Monday, October 27, 2003

Announcing E-Government for All

A Virtual Conference on E-Government and the Digital Divide November 3-14, 2003

Issues to be covered at the conference:

  • E-government best practices
  • Access to government information, services and decisionmaking
  • Latest research from leading experts
  • Citizen's panel: underserved community experiences with e-government
  • Government website accessibility
  • E-government and importance of 21st century skills
  • International perspectives of e-government
  • And more!

10:08:34 AM      comment []    trackback []

You must check out these great new t-shirts! I, of course, am leaning towards this one!

10:04:13 AM      comment []    trackback []

Well, after having been sick for the past few days, I'm alive again. I seem to have caught some kind of 24-hour bug, having spent Saturday fighting a 101.4 fever.

My LIS 550 class is wrapping up: we turned in our group paper last night (a policy document implementing CIPA for a large metropolitan public library) and will spend the last two weeks in small, online discussion groups discussing Manuel Castells' The Internet Galaxy: Reflections of the Internet, Business, and Society. I still have to turn in one last (short) assignment on Sunday but things are definitely wrapping up there :)

LIS 510 however, is turning into quite the steamroller. I love the topic (Information Behavior), the professor (Dr. Karen Fisher) is great, the text is a good read (Looking for Information by Donald Case), and the assignments are very meaningful. Unfortunately, my project group for this course is one of the first to present online to the rest of the class which is due about the same time as an individual paper. Anyhow, we're all in a bit of panic because of the amount of work that has to be done in such a short time, but I'm sure we'll muddle through somehow. Once we get past this part, we'll just get to sit back (sorta) and enjoy everyone else's presentations :-) And then there's one final paper due near the end of the quarter (mid-Decemeber). Yeah, I'm looking forward to getting to the other side of this next push :-)


10:00:33 AM      comment []    trackback []

Monday, October 20, 2003

The Career Services Office of the School of Information at the University of Texas at Austin is proud to announce the opening of the = online Professional JobWeb to the public. The JobWeb is an online listing of jobs specifically geared toward students and professionals in the fields of Library and Information Science, updated daily.

To view the listings visit:

To post a position, free of charge, email with the complete announcement in the text of the email or as an attachment.

Good news for job seekers (and employers) -- hopefully this will take off. I should probably spend some time compiling a list of LIS specific job resources. I'm sure there are compilations already -- I just need to find them.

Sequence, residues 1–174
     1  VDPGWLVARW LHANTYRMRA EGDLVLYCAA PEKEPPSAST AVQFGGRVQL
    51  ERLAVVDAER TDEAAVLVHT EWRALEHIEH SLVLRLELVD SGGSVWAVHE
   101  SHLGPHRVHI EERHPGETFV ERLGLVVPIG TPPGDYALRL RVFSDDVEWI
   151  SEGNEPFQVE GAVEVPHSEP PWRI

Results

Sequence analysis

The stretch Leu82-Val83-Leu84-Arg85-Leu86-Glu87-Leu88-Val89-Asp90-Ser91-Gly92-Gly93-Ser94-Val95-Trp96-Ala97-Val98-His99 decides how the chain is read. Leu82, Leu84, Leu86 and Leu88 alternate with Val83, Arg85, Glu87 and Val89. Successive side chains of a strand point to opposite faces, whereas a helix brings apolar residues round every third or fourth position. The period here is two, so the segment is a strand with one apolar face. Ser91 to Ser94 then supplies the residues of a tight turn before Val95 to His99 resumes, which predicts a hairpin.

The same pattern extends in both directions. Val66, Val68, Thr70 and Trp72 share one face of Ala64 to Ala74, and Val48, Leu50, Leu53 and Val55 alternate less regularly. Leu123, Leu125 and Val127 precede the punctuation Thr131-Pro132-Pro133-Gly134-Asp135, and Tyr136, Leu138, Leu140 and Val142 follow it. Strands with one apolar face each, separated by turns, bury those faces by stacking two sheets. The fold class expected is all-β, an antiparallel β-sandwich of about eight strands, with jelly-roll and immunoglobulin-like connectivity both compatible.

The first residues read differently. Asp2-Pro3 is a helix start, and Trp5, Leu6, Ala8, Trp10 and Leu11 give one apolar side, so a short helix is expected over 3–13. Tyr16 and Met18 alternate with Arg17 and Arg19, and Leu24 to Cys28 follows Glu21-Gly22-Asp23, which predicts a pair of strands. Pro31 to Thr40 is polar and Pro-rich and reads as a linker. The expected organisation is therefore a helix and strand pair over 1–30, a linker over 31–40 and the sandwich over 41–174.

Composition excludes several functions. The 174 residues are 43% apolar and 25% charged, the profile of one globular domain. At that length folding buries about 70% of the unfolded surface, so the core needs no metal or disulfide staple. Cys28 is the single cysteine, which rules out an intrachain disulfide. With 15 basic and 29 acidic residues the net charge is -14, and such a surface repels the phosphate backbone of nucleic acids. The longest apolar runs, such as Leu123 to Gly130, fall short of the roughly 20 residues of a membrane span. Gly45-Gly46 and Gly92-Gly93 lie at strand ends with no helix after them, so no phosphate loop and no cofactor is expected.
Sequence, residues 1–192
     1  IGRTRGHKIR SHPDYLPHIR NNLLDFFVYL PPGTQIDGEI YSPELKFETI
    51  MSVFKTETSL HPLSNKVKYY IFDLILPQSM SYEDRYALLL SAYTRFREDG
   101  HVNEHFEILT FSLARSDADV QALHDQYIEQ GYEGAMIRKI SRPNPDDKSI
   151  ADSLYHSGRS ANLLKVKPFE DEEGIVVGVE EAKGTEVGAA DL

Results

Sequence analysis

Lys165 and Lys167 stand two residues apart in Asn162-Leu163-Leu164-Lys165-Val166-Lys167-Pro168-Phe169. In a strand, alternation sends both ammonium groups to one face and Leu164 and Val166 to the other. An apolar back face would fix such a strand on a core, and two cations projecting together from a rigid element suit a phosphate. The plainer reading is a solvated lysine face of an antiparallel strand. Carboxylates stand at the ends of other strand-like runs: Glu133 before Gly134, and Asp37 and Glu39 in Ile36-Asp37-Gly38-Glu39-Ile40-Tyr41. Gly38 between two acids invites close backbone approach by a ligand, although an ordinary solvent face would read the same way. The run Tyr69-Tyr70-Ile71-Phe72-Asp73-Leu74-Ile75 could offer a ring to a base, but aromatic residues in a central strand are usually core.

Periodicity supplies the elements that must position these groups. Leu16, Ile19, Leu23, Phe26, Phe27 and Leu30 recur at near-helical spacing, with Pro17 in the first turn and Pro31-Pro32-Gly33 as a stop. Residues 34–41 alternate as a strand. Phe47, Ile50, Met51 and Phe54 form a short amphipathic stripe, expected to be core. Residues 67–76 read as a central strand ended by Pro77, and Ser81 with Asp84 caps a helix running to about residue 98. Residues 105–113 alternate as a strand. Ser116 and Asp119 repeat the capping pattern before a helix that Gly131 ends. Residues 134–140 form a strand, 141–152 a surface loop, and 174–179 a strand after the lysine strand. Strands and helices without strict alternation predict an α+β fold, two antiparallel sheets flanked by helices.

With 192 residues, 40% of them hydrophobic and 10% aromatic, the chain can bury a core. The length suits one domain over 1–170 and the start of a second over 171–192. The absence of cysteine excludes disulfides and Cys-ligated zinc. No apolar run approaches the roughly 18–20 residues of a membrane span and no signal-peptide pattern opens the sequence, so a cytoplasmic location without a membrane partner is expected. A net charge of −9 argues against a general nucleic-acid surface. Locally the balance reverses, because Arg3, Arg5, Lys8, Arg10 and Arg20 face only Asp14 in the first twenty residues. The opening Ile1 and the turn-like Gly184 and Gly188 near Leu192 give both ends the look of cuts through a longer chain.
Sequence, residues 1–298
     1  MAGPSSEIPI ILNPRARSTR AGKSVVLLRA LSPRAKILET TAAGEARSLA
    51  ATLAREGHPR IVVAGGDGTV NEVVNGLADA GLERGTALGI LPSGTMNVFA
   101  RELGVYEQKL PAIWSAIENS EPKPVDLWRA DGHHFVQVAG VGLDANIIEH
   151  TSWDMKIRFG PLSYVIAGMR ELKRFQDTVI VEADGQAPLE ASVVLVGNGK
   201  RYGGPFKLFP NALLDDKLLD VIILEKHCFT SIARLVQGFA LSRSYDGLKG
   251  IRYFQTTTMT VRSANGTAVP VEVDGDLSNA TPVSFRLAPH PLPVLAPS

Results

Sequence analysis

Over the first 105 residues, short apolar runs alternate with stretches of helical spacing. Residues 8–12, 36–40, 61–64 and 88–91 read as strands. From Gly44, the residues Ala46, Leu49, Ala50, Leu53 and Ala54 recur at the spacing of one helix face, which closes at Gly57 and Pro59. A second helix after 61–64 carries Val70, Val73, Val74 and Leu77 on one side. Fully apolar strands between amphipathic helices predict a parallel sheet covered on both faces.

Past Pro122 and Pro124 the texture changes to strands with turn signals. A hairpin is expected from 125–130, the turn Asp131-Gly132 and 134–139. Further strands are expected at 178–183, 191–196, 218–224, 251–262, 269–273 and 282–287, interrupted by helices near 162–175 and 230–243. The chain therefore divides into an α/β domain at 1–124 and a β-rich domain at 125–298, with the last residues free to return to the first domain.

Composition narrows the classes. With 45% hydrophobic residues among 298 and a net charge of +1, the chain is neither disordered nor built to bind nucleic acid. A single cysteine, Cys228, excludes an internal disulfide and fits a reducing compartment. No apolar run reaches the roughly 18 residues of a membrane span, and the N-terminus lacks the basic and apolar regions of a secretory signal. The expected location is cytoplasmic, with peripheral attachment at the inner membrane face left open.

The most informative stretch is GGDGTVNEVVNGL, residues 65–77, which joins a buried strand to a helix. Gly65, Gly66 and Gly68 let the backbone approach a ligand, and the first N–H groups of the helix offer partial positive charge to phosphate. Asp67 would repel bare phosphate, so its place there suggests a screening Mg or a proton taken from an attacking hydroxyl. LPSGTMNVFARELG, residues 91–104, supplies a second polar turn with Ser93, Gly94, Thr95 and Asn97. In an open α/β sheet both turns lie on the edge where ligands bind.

10:05:39 AM      comment []    trackback []

Saturday, October 18, 2003

Taking a quick break from writing papers to pop into the Apple iTunes for Windows users forum and talk about a clash of cultures!

What's fascinating from an information management point of view is the conflict in approaches to how Windows users have become accustomed to managing their music files versus how Apple users have. It will be interesting to see how many converts Apple makes to their way of thinking :)

Personally, I have become more and more willing to let something else take care of all the details for me so I guess I'm going to be an easy convert :)

Now, I'm just waiting for all the Radio UserLand plug-ins for it (after having tracked down this one for WMP and BlogAmp for Winamp).

2:13:19 PM      comment []    trackback []

Geniuses at Your Fingertips. Ron Force writes "They're geniuses, and they're at your fingertipsLong-forgotten public library reference desk stocked with answers, Doug Clark says.This is the Information Age, when fact-seekers surf the cyberwaves via powerful search engines like Google, Alta Vista or the ever-popular Yahoo. Not this yahoo.When Doug needs data, he puts down the computer mouse. He picks up the telephone and dials up Dennis, Jean or Louise.Google's cool, sure. But my search engines would kick your fanny on Jeopardy.Which is why I'm taking today to sing the praises of this oft-overlooked informational resource:The library reference desk..." []

12:06:11 PM      comment []    trackback []

Friday, October 17, 2003

Search Tips From Google Expert. 20 Great Google Secrets, by Tara Calishain, author of Google Hacks, offers useful suggestions to make your use of the... [via beSpacific]

Which is just another reminder for me to get a copy of Google Hacks too.

3:53:33 PM      comment []    trackback []